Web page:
As negotiations continue in Congress over a defense spending bill that could provide for some federal cleanup and regulation of PFAS, executives from the companies that manufactured and used the chemicals faced tough questions from a congressional committee Tuesday.

At the core of the hearing was the question of how and whether Congress should act to hold polluters accountable and ensure faster cleanup of sites across the country, including in Bucks and Montgomery Counties, where PFAS have seeped into drinking-water supplies from military bases or former manufacturing sites. That question is also part of negotiations over the defense spending bill.

A 3M executive told the committee that there is no evidence the chemicals have an adverse effect on human health; Democratic lawmakers pushed back, citing studies that have linked PFAS to health issues including cancers, thyroid problems, hypertension, high cholesterol, and fertility problems. Meanwhile, a DuPont executive said that his company supports regulating two types of PFAS as hazardous substances, and an executive from Chemours — a DuPont spinoff — said DuPont did not leave it with enough money for the remediation and cleanup it inherited.

Court documents and other records have indicated that 3M and DuPont were aware of the potential health risks of the substances they used for decades. Scientific research has linked PFAS to health problems, though researchers have said they are still studying causation.

“These companies here with us today have screwed up, and we need to hold them accountable for doing so,” Rep. Harley Rouda (D., Calif.) said as the hearing began before the House Committee on Oversight and Reform.

Politicians and activists have demanded that the federal government regulate the substances and that the military and manufacturers clean up contamination.

The companies phased out two types of the chemicals from 2000 to 2010 in a voluntary program with the Environmental Protection Agency, but PFAS are still in use in the United States. The substances remain unregulated by the federal government. Testifying Tuesday, the companies touted actions they’ve taken that they say reduce the impact of the chemicals.

But Denise Rutherford, 3M’s senior vice president of corporate affairs, contended that PFAS do not cause human health problems based on available research. She told lawmakers that the amount of the chemicals in the blood of 3M workers has dropped since 2000, and that the company voluntarily phased out the use of two types of PFAS.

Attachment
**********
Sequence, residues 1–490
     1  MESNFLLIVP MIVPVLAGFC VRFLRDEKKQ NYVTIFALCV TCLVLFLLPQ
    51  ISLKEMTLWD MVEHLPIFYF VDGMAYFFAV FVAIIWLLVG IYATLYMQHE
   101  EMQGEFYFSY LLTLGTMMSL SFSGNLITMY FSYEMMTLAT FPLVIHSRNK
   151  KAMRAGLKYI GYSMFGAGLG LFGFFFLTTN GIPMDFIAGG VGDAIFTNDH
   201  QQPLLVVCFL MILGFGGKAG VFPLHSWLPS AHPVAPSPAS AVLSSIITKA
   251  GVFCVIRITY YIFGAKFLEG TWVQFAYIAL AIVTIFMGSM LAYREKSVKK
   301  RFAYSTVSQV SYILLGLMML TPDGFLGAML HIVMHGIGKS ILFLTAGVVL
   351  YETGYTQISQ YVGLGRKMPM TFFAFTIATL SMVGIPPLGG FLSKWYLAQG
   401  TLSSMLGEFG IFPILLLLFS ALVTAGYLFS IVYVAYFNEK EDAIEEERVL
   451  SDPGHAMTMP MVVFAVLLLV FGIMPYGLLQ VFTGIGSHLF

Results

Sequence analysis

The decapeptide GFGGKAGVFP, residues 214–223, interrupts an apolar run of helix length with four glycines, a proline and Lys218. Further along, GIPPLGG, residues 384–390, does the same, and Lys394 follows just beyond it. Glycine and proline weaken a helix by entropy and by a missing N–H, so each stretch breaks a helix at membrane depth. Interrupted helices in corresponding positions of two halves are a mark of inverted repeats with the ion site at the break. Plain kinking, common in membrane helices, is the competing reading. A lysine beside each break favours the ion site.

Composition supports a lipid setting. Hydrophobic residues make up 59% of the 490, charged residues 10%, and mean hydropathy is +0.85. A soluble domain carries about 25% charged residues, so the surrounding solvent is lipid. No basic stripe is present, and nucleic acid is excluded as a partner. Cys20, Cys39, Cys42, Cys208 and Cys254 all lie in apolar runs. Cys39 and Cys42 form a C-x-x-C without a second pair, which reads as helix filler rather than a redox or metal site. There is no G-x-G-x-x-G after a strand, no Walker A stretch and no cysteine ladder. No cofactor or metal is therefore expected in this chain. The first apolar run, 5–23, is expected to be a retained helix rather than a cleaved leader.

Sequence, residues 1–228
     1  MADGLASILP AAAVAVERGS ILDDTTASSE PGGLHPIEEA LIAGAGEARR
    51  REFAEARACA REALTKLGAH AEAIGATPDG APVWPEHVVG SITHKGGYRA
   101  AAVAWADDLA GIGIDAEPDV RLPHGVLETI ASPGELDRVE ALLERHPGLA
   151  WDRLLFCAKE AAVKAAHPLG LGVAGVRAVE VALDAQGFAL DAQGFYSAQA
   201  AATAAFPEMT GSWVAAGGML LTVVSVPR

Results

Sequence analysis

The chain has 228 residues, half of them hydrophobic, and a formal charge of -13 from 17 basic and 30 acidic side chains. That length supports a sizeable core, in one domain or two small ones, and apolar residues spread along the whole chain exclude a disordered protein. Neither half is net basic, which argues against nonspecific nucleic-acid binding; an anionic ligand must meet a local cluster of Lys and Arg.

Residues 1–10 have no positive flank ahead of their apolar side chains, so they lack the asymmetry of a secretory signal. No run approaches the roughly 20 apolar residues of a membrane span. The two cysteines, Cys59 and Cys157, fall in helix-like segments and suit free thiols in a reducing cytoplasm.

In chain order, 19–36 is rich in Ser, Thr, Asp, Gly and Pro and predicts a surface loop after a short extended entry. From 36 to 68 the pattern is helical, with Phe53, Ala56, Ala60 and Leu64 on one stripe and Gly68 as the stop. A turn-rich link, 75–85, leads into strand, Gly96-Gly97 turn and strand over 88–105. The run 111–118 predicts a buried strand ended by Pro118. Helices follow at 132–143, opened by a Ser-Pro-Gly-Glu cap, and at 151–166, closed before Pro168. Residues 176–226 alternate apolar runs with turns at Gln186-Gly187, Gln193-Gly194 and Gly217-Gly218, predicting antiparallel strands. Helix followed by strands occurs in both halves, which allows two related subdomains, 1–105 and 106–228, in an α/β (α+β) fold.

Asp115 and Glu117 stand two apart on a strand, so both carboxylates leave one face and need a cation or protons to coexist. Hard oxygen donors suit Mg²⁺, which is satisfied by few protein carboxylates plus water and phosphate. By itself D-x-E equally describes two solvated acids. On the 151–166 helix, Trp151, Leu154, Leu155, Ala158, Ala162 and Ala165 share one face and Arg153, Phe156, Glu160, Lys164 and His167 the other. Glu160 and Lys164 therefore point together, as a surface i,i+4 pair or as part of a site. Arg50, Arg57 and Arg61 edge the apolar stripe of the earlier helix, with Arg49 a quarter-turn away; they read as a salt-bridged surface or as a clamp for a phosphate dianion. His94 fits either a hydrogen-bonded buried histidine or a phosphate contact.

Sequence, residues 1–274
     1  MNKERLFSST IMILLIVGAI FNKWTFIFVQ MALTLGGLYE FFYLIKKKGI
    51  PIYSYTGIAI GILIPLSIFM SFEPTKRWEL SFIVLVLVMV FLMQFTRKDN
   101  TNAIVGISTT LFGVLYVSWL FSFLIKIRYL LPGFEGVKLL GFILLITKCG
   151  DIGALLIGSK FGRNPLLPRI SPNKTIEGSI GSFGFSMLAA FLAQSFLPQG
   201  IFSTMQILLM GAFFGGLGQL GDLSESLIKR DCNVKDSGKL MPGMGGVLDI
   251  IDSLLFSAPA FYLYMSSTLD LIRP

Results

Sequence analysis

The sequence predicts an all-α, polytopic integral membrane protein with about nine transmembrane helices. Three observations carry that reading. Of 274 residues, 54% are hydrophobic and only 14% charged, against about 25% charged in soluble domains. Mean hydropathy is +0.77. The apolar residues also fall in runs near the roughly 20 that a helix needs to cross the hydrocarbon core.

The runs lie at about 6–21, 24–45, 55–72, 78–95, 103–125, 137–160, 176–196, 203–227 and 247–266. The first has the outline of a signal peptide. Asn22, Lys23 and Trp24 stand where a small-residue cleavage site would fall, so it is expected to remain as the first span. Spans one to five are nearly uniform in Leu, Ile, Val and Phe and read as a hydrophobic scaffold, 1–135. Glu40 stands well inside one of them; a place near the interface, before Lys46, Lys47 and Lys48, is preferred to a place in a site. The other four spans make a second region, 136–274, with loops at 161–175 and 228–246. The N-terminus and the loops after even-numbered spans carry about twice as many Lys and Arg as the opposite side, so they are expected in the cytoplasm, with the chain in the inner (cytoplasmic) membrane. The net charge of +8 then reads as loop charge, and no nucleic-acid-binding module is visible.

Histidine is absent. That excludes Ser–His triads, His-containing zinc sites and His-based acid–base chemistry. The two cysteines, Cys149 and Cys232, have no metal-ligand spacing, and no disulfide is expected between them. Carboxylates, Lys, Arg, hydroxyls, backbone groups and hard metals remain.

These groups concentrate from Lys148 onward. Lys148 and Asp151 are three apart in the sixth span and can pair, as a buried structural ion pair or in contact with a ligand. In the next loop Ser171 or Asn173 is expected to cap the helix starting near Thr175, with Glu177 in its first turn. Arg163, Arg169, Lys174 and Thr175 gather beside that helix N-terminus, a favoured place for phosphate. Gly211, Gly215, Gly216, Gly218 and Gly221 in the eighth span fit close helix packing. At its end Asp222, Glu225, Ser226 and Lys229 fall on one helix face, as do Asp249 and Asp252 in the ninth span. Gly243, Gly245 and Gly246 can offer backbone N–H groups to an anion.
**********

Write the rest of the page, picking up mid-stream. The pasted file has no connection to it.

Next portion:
“The data available today show no conclusive evidence of adverse health effects,” Rutherford told the committee.

Between 1989 and 1997, however, 3M and DuPont studies found elevated rates of cancer among people who worked with perfluorinated chemicals. One study, part of a collection made public in Minnesota court proceedings, found that working in production of one PFAS chemical for 10 years was associated with increasing the risk of prostate cancer by three times.

Democratic lawmakers called for broad accountability from the manufacturers.

“You want to get credit for the decision to no longer produce these dangerous chemicals voluntarily, but in the same breath want us to believe that there’s no science that says that these chemicals are dangerous at all,” said Rep. Dan Kildee (D., Mich.), addressing 3M. “There’s plenty of science out there that demonstrates that these are harmful chemicals and dangerous for human consumption. Otherwise, you wouldn’t have taken them off the market in the first place.”

Republican lawmakers questioned the purpose of the hearing and, like 3M, said any federal action should be based on scientific research.

“We need to make sure that we let the science do it and not, as Congress, tell the scientists how to do their job,” said Rep. Fred Keller (R., Pa.), suggesting that Democrats were asking for stricter regulations of the chemicals for political reasons.

The White House threatened in July to veto the House version of the defense spending bill and listed PFAS-related items among dozens of concerns. The House and Senate versions passed during the summer each contained provisions that, among other things, would phase out military use of PFAS in firefighting foam and food packaging; require water quality monitoring for PFAS; designate the chemicals as hazardous substances under federal law; and provide funding for more studies and cleanup.

One provision would require the EPA to set a safe drinking-water standard, which the EPA says is in progress, but will take years longer than activists say is acceptable.

A group of lawmakers, including Pennsylvania representatives, wrote a letter last week urging the committees working on the bills to keep the PFAS provisions, saying the measures can “help chart a new course” in dealing with contamination.

In testimony, DuPont endorsed legislative proposals already in the spending bill or introduced in Congress, including requiring the EPA to set drinking-water regulations within two years and listing PFAS as hazardous substances.

“We’re not here standing in the way of regulation,” said Daryl Roberts, DuPont chief operations and engineering officer.

Chemours and 3M executives testified that the decision to regulate the chemicals should be left to the EPA. Chemours pointed to a commitment to reduce air and wastewater emissions by at least 99% by the end of the year.

3M said Monday it would continue remediating manufacturing sites where it has a cleanup partnership with authorities and would establish a clearinghouse to share best practices and analytical technology for PFAS with other researchers. The company supports federal “science-based regulation” and PFAS research, Rutherford said.